Our guide to ESOL
Jade O'Donoghue

Our guide to ESOL

First published date September 06 2013 Amended date April 20 2015

ESOL stands for English for Speakers of Other Languages and courses are aimed at non-native English speakers. Often confused with EFL (English as a Foreign Language), the only real difference between the two is that EFL courses are usually taught in countries where English is not the native language, whereas ESOL courses are taught in English speaking territories.

The main aim of ESOL courses is to help people settle into the English-speaking country and be able to get by in everyday life. Teaching therefore will cover everything from how to use the bus to what different ingredients are called in English supermarkets.


What to expect

Generally, ESOL teachers will be native English speakers themselves and will only speak to the class in their own language. After all, you might find yourself sat in a classroom with a load of students from all over the world.

You’ll learn how to read and write English and how to speak it to others. Therefore your lessons will be varied – one day you might be giving a presentation to the class, the next you might be penning a story and the one after that might involve taking it in turns to read excerpts of an English book.


Do I have to pay for my ESOL classes?

Usually, yes. How much will depend on where you live and your personal circumstances – for example if you are claiming benefits or unemployed you might not have to foot the entire bill. There are various options for government help with financing any type of study though. For example, you may be able to get a 24+ loan for your course.


ESOL for British citizenship

Many people will have heard ESOL courses mentioned in relation to becoming a British citizen. The path to British citizenship can seem like a long one and includes both an English test and a ‘Life in the UK’ test about the country and its culture and customs. In order to get Britain citizenship, if your English speaking is lower than ESOL Entry 3, you will need to gain an ESOL qualification at Entry 1, 2 or 3 in speaking and listening.

If you’re not sure what level of English you are currently at, it is worth visiting your local college where you should be able to take an initial test to get an idea of where you should start.


Getting into uni or finding a job

Many jobs and university places require applicants who are not fluent in English to have taken and passed an ESOL course before joining. In some cases this may be paid for by the institution requesting it, but in many it will be up to the student to foot the bill.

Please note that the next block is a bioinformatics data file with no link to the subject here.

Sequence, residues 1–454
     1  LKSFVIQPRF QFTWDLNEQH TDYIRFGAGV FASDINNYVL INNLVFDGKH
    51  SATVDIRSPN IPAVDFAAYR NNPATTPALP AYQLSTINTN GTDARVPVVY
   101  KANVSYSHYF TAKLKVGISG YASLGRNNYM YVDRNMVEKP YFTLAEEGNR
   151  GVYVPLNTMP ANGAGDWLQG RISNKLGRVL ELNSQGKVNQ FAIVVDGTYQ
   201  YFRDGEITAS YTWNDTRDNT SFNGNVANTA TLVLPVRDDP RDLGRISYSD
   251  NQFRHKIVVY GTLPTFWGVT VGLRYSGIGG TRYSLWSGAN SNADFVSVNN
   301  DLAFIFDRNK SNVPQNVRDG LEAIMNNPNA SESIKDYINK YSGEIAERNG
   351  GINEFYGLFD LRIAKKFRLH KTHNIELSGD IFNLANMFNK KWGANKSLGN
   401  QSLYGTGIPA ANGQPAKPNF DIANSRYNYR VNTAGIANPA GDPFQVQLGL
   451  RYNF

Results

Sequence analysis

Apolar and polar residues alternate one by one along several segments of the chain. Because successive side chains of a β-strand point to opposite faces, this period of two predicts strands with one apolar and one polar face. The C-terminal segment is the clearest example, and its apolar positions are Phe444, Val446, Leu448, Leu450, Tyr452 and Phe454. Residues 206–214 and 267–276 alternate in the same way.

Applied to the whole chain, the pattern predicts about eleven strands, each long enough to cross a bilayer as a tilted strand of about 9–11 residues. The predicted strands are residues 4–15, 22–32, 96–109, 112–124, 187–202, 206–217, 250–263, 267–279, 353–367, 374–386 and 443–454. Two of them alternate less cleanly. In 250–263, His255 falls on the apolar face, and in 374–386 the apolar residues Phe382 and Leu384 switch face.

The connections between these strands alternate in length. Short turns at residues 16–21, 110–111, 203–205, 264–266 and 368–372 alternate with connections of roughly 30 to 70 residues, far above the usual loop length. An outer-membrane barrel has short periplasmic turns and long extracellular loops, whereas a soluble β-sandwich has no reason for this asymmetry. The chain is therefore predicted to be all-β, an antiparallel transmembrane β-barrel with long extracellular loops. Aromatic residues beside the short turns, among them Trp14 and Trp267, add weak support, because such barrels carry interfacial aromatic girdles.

It’s certainly a good investment though, as having completed an ESOL course, you will feel more confident reading and writing English whether in a lecture theatre or in the workplace.


How hard can it be?

That really depends on your mother tongue and its similarities to English. Languages like Dutch or German are quite similar so speakers of these might find it easier than, say, someone whose first language is Japanese.

Pronouncing certain sounds can be difficult too, especially if your first language has a particular accent. Though many people mock the ‘posh’ intonation of some English speakers, listening to the language spoken this way can be helpful when mastering your own accent. It doesn’t help that lots of English words that are spelt in a similar way are actually pronounced quite differently.

There are a lot of tenses in English. And we mean a lot. Many people who are new to the language struggle to remember which one to use in which situation. Prepositions such as ‘at, of, on’ can be hard to grasp as well because there are so many different situations in which to use them.


 Get your tongue around this

Pronunciation in English can be completely baffling, and one spelling that seems to get a lot of ESOL students in a tongue twist is ‘ough’. Can you work out how to pronounce each of these ‘ough’ words? Note – not one of them is pronounced the same way!

-          Plough

-          Though

-          Rough

-          Through

-          Borough


Get help while you learn

There are a number of online resources that will back up what you’re learning in your lessons and it’s likely that your teacher will encourage you to use these in order to supplement your education.

British Council

Using English

BBC Learning

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